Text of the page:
Shiloh’s Origin Story

What’s in a Name?
The name “Shiloh” has a most colorful heritage in the Old Testament in two ways. The first is as a place of great religious significance for the Israelites. The city of Shiloh had been occupied since around 2100 BC, but reached its true significance for the Israelites around 1200 BC when Joshua led them into the land of Canaan, choosing Shiloh as the place of the tent of meeting and the permanent site of the Ark of the Covenant (Joshua 18:1). It was the site where the land was originally divided among the 12 tribes of Israel center for some time (Joshua 18:8-10; 19:51). Shiloh continued to be an important religious and military center for some time, even after the city was destroyed by the Philistines sometime around 1050 BC. IT was at Shiloh that the first temple or central sanctuary was built, and it was there that Samuel went to serve under Eli (1 Samuel Chapter 2). After the capture of the Ark of the Covenant by the Philistines, Shiloh declined as a city because it was difficult to defend. The prophet Ahijah was also from Shiloh (1 Kings 11:29).Shiloh - Israel
Shiloh is also important to the Old Testament and particularly to Christians as it appears in the dying words of Jacob to his 12 sons giving each a blessing in the 49th chapters of Genesis. In the King James Version (KJV), Genesis 49:10 reads, “The scepter shall not depart from Judah, nor a lawgiver from between his feet, until Shiloh come; and unto him shall the gathering of the people be.” (Shiloh is translated as “until he comes to whom it belong(s)” in later versions.) The meaning is that Judah shall rule until the time comes when the power of Judah shall pass into the hands of an ideal ruler — the Messiah — who Christians recognize as Jesus the Christ. Because of this, Christian scholars have recognized Shiloh as a prophetic name of Christ since the 16th century.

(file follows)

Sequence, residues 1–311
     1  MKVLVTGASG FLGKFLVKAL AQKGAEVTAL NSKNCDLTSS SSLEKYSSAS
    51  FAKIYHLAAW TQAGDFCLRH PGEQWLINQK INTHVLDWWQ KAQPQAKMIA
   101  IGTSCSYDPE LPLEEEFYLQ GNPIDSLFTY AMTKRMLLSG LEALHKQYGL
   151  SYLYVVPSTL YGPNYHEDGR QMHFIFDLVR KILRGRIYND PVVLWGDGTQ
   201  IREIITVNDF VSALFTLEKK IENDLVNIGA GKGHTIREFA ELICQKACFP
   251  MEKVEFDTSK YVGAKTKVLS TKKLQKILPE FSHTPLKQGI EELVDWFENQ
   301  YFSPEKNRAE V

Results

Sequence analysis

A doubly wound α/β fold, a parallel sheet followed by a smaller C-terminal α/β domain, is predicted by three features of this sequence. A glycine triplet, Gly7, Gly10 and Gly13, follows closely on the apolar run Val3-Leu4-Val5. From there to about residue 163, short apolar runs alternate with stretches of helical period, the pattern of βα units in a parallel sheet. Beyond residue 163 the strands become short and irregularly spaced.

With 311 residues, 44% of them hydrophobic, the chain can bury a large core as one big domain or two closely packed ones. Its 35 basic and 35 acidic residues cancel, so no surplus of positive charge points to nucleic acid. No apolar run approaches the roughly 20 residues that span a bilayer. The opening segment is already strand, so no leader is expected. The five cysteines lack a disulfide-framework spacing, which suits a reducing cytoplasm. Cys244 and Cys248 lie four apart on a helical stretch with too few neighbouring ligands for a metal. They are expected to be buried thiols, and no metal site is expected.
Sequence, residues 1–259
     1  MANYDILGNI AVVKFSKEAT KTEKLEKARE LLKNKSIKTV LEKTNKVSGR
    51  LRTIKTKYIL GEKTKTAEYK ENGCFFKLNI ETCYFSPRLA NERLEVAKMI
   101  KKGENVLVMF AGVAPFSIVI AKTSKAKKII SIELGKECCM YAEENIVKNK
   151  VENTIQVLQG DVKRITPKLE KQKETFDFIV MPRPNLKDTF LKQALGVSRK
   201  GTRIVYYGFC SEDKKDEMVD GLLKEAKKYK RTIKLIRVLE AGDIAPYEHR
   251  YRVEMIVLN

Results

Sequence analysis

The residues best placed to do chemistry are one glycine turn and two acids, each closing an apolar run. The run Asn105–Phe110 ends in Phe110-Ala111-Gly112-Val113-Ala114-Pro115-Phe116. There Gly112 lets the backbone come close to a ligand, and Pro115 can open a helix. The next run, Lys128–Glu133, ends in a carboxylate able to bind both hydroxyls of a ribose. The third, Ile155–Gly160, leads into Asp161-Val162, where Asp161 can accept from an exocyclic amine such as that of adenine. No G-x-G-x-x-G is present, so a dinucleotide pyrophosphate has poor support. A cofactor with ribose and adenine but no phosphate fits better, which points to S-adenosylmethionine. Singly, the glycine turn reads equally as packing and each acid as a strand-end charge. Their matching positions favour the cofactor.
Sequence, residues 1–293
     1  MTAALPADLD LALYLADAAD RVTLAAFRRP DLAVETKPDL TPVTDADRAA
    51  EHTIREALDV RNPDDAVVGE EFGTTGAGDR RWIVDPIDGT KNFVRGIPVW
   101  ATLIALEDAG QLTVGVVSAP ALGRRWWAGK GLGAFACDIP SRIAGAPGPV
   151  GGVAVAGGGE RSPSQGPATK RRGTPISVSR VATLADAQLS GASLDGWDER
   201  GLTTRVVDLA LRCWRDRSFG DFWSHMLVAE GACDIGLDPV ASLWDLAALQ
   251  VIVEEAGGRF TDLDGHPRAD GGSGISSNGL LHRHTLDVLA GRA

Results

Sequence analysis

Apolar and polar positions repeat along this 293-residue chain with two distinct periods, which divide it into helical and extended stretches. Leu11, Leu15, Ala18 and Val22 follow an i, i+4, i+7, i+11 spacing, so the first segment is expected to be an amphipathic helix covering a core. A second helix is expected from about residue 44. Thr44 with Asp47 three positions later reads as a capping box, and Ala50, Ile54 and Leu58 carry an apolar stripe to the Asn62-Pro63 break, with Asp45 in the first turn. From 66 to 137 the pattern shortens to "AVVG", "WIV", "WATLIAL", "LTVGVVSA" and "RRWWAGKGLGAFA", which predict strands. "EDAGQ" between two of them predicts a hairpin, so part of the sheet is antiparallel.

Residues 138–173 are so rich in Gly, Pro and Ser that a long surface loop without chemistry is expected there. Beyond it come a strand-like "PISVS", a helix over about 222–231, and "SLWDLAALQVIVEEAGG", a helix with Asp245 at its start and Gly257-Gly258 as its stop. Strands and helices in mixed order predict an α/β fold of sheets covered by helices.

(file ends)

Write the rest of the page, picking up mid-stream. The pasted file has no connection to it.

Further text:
This significance deeply resonated with us. Thus, Shiloh United Methodist Church was chosen as the official name of our UMC location in West Billings at the church’s first potluck dinner. The church was formally christened at a special worship service as a way of recognizing that we are the people of God in our new church.

A Timeline of Shiloh United Methodist Church

  • In 1978, the Billings United Methodist Church Extension Society purchased four acres of land, receiving another acre as a gift, for the present site of the church.
  • In 1985, Bishop Melvin Wheatley appointed Barry L. Padget to be the first pastor of the new church started in west Billings. That year, at Annual Conference, a survey of the west end of Billings was conducted to determine the number of families who might be interested in a new United Methodist Church. About 75 families responded positively and a visiting program was conducted by the new pastor.
  • On September 15, 1985, the first worship service was held at St. John’s Lutheran Home with over one hundred people attending.